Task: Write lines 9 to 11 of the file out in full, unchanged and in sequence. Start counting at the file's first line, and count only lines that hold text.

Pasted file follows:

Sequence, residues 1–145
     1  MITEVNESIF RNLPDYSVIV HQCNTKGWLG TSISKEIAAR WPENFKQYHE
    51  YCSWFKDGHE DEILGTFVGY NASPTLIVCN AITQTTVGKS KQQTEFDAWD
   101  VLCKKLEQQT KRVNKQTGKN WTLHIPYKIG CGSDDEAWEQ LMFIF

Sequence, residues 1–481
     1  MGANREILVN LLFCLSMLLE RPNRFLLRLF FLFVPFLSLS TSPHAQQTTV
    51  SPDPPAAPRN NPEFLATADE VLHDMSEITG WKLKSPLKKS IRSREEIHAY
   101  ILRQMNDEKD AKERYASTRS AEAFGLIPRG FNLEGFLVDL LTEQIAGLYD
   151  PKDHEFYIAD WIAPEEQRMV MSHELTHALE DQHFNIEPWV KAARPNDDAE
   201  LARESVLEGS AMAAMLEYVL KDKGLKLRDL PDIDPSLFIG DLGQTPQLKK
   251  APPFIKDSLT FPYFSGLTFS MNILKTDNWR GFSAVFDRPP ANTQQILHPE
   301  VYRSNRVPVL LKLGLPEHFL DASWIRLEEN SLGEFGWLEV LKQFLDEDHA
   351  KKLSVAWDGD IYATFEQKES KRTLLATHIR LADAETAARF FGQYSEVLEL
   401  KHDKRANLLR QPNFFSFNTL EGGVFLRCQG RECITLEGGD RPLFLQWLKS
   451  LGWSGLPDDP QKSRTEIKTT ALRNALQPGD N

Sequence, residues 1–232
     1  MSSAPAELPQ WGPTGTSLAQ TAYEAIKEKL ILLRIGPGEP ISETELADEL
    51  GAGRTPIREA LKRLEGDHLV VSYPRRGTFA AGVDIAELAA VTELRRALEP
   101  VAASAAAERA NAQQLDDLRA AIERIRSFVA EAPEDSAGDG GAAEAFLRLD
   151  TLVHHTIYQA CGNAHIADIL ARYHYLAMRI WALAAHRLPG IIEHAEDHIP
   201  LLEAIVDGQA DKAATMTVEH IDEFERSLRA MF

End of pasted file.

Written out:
   151  PKDHEFYIAD WIAPEEQRMV MSHELTHALE DQHFNIEPWV KAARPNDDAE
   201  LARESVLEGS AMAAMLEYVL KDKGLKLRDL PDIDPSLFIG DLGQTPQLKK
   251  APPFIKDSLT FPYFSGLTFS MNILKTDNWR GFSAVFDRPP ANTQQILHPE